Beaten by winds and rain, the proud Emerald Island offers its visitors an insolent and wild nature, both in the north and south. A land of history and legends, it is seduced by the warmth and contaminating power of its culture. In a pub or during a hurling match, the Irish will make you discover and love their island, which they cherish so much that they celebrate it properly on St. Patrick's Day. Petit Futé offers you its 10 must-see stops in Ireland. Fáilte go Éire!
N° 10 - Kilkenny, the medieval town
Kilkenny, the former capital of Ireland, is now the best preserved medieval town on the island. Surrounded by rivers, forests and green spaces, Kilkenny is home to monuments of interest such as its famous 13th century cathedral, perched on a hill. Its architecture is renowned in Ireland for the black stone it uses. Today, Kilkenny is a lively city full of pubs and shops of all kinds.
No. 9 - Cashel and its imposing Rock
Cashel is dominated by the impressive Rock of Cashel, medieval fortifications built on top of a rock. It is here that in 1647, during violent religious wars, the inhabitants found refuge. You can discover two magnificent examples of medieval architecture: a 12th century Romanesque chapel and a 13th century Gothic cathedral. It is one of the major tourist sites in Ireland.
No. 8 - Aran Islands, between myth and tradition
It is in the islands of Aran, Inis Mór, Inis Meáin and Inis Oírr that you will find the strongest evidence of Celtic culture. The vagaries of a typically Irish weather, between rain and strong winds, have made it a spectacular site. For centuries, the inhabitants have struggled against the elements to be able to sow, reap and live in these islands. To visit them is to discover a world they have shaped.
No. 7 - Skellig Michael, between sky and sea
Skellig Michael is one of the first monasteries in Ireland. After climbing the 2,300 steps, all carved into the rock by the monks, you will reach the ruins of the monastic complex: two churches, six cells, two oratories, a few tombs... A fascinating scenery at the end of the world bathed in sea spray and often heavy rains.
N ° 6 - Belfast, Northern Capital
A city with industrial vocation, Belfast is not one of Ireland's most beautiful, but it has a crazy charm. We cannot ignore the political violence suffered by Northern Ireland in the various decades: They are brilliantly illustrated on the murals that color the city. But Belfast is first and foremost a city that lives. You can visit the Titanic Museum, since this is where the ship was built, and meet young engineers at night in the many traditional pubs. Hold your ear, you will hear even Gaelic!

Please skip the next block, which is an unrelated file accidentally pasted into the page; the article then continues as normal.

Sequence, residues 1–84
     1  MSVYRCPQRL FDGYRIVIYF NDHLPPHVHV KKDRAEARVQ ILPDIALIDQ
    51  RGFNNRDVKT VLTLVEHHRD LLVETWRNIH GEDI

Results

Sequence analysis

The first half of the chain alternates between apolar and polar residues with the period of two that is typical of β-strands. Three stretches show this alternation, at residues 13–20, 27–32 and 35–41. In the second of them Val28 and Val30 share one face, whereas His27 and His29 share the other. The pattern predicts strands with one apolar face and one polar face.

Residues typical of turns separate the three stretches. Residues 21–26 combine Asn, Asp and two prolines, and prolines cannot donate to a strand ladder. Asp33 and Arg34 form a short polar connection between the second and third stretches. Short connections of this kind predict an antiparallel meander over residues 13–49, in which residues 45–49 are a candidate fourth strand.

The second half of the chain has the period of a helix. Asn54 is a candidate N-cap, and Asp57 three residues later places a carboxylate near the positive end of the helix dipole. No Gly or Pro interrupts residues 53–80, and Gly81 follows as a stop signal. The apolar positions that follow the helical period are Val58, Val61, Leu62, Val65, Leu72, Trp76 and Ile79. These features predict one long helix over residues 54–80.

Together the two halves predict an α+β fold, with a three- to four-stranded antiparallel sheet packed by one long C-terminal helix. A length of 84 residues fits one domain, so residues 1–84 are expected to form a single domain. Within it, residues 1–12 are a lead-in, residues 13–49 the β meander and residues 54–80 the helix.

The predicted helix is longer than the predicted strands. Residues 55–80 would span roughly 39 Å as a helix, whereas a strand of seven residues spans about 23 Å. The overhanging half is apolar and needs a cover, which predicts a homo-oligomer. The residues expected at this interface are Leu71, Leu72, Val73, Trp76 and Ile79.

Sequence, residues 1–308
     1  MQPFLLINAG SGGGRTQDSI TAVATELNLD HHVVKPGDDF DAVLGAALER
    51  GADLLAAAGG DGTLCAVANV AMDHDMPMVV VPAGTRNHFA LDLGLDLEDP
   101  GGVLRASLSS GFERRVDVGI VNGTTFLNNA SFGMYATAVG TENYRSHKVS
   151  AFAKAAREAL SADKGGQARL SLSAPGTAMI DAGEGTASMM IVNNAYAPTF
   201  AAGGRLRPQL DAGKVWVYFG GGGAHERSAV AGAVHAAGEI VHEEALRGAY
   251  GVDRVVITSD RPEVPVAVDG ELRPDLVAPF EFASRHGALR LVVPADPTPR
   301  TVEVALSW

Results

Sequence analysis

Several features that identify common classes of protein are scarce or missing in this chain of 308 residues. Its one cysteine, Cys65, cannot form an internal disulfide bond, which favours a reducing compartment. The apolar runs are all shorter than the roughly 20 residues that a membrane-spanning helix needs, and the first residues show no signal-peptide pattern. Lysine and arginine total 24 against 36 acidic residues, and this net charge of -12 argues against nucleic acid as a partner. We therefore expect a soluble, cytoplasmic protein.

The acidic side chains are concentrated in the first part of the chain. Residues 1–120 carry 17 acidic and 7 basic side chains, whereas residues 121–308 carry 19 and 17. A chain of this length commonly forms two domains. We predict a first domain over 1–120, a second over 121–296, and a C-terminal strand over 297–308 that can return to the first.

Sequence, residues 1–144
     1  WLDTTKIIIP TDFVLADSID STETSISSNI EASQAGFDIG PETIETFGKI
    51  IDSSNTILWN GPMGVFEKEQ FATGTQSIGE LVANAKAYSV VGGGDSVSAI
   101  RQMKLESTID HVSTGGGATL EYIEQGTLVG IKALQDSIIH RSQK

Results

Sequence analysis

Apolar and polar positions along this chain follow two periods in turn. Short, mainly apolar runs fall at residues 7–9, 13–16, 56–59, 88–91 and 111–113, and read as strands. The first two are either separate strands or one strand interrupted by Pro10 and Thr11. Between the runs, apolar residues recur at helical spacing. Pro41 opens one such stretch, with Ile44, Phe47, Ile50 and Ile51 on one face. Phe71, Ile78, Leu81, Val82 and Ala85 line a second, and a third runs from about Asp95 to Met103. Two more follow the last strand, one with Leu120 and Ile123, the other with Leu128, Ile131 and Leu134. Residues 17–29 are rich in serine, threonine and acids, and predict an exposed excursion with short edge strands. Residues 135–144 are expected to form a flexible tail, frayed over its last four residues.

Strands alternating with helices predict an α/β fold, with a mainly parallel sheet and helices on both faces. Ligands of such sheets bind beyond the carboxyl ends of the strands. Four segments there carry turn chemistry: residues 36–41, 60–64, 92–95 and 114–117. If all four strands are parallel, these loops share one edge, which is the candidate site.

No. 5 - Achill Island, Wild Ireland
Achill Island is Ireland's largest island, connected to the mainland by a bridge. Here, nature has regained its rights and you will discover rugged coastlines, wild moors and hills with changing colours. Achill Island is also home to the highest cliffs in Europe overlooking the ocean. A paradise for photographers and hikers who will explore a changing nature according to the whims of the weather.
No. 4 - The Burren, a desert land
The Burren means "big rock". This almost lunar place is a rocky plateau where life seems to have stopped. Cromwell described it this way: "It is an area where there is not enough water to drown a man, not enough wood to hang him, not enough soil to bury him. "The silence and atmosphere are indescribable and the ocean scenery is breathtaking. It is the ideal place to recharge your batteries.
No. 3 - Giant's Causeway, the work of a giant
In Northern Ireland, there is a natural curiosity listed as a UNESCO World Heritage Site: the Giant's Causeway. These 40,000 aligned columns are, according to Celtic legends, an old roadway destroyed by the Scottish giant Benandonner who was frightened when he saw his Irish rival. According to scientists, it is more like a basalt eruption. In any case, this splendid site does not leave travellers indifferent!
No. 2 - Dublin, "this lady"
Capital of the Republic of Ireland while remaining a city on a human scale, Dublin shows an incomparable dynamism. Divided in two by the Liffey River, the capital has two distinct faces: on the north bank, there are the main shopping streets and to the south, the medieval city and Georgian residences. Don't miss the library of the famous Trinity College to admire the Book of Kells, an illustrated manuscript made around the year 800, and it is good to discover the city in all its aspects while also stopping in the Temple bar district, lively and lively day and night.
N° 1 - The mythical Connemara
In the west of Ireland, Connemara is a legendary land. It is certainly here that the Gaelic soul and culture still beats at its strongest. Its bucolic landscape enchants travellers. Sheep graze freely in a lush natural environment, while fishermen are active, knee-deep in the dark lakes surrounded by fir trees. In the centre, the impressive Twelve Bens Hills are a hiker's paradise.